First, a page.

In light of this week’s events, the anniversary of 9/11 and General Petraeus’ Congressional testimony, the eyes of the world are now intently focused on the United States military. Though it often seems that we on campus live and work in such a contained atmosphere, Villanova is a direct participant in the conflicts in Iraq, Afghanistan and around the world through our world-renowned ROTC and NROTC programs.

Villanova produces the highest number of naval cadets in the country only after the Naval Academy. In the last 10 years, two of the four CENTCOM commanders have been Villanova graduates. CENTCOM, the United States Central Command, is the military command unit that spearheads military operation in the Middle East, East Africa, and Central Asia, and oversees the conflict in Iraq and Afghanistan.

Generals Anthony Zinni and William J. Fallon most likely began their military careers in John Barry Hall. This fact attests to the quality of civilian and military education cadets receive at this university.

While some of us on campus might be up to our ears in student loans, third-year “undecideds” or generally without direction in life, this group of students, the members of the University’s ROTC program, share none of these problems.

Many of these students have most of their education paid for and a tangible plan for the next eight years of their lives – quite an accomplishment for a 21-year-old. During this time they will fulfill their obligation to the U.S. military, spending time on active duty or in the reserves.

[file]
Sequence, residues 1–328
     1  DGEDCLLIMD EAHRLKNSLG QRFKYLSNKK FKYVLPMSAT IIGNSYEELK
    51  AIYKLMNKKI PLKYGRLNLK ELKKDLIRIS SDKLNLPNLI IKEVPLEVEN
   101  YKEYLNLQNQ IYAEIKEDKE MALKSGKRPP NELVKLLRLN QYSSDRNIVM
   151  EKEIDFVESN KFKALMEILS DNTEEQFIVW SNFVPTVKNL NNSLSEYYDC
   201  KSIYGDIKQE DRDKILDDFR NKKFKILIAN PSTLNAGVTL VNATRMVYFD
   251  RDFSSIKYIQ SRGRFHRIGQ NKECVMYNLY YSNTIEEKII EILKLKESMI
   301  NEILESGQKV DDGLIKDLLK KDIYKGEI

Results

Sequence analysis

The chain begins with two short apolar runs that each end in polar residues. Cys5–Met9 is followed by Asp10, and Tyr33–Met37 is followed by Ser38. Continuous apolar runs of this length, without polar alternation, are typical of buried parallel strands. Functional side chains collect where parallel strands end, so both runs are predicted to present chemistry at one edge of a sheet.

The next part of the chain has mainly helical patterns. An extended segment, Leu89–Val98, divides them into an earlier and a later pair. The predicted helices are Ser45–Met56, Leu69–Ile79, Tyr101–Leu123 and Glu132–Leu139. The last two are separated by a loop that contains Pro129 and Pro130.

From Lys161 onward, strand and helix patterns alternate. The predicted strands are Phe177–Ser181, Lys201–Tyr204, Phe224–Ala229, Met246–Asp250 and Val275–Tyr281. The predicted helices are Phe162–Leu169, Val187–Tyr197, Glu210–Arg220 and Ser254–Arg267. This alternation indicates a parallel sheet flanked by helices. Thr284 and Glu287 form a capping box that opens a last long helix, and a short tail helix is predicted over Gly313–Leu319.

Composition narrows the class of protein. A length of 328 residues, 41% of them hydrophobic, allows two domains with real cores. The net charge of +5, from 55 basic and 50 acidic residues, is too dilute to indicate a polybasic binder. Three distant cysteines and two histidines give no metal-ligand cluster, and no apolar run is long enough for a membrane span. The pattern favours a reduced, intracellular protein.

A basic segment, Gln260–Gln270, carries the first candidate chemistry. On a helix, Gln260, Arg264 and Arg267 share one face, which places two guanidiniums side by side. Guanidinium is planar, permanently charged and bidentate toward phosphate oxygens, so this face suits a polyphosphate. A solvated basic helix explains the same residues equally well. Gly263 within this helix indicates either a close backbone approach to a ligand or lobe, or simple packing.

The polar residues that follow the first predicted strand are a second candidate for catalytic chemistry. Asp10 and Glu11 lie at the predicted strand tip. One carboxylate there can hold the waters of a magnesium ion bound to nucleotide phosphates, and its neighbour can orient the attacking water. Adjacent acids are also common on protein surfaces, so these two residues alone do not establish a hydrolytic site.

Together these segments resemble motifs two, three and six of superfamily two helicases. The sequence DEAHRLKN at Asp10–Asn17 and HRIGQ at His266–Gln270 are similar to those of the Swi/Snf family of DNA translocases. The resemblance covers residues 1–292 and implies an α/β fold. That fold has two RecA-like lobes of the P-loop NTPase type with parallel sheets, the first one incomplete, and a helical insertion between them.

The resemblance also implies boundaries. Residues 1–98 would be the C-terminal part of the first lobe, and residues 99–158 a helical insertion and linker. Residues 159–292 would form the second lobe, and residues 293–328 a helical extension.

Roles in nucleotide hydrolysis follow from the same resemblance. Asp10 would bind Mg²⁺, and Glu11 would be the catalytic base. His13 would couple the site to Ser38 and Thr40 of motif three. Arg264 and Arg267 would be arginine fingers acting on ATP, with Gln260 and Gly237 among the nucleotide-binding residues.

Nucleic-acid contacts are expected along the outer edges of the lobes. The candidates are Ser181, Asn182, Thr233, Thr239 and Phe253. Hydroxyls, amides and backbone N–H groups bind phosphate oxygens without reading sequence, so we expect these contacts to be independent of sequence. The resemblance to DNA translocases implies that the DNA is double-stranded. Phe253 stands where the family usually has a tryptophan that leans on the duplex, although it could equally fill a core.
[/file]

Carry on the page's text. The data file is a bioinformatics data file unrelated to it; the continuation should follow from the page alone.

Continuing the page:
Though many things in a cadet’s life are certain, one is not: whether or not they will someday become a part of the 168,000 troops in Iraq – the group of men and women which General Petraeus spoke for in Congress so admirably this week. Is a college education – or in Villanova’s case, a two hundred thousand dollar education worth the possibility of going there?

It is difficult to determine what drives these individuals to this life of service. Though we often see those crisp white, brown or green class-As walking across Mendel Field or pass by the Oreo every Tuesday, we should stop to think about the sacrifices that our classmates are making.

Take the time to notice one of these students today: the kid sitting across from you in statistics or the girl behind you in the line at the IK.

Recognize their service when they’re not in uniform, when their sacrifice often goes unrecognized, and appreciate these students who might risk their lives someday for your freedom.

Semper fi, “Army Strong,” “Honor, Courage, Commitment,” – whatever the motto, Villanova is proud of you, cadets.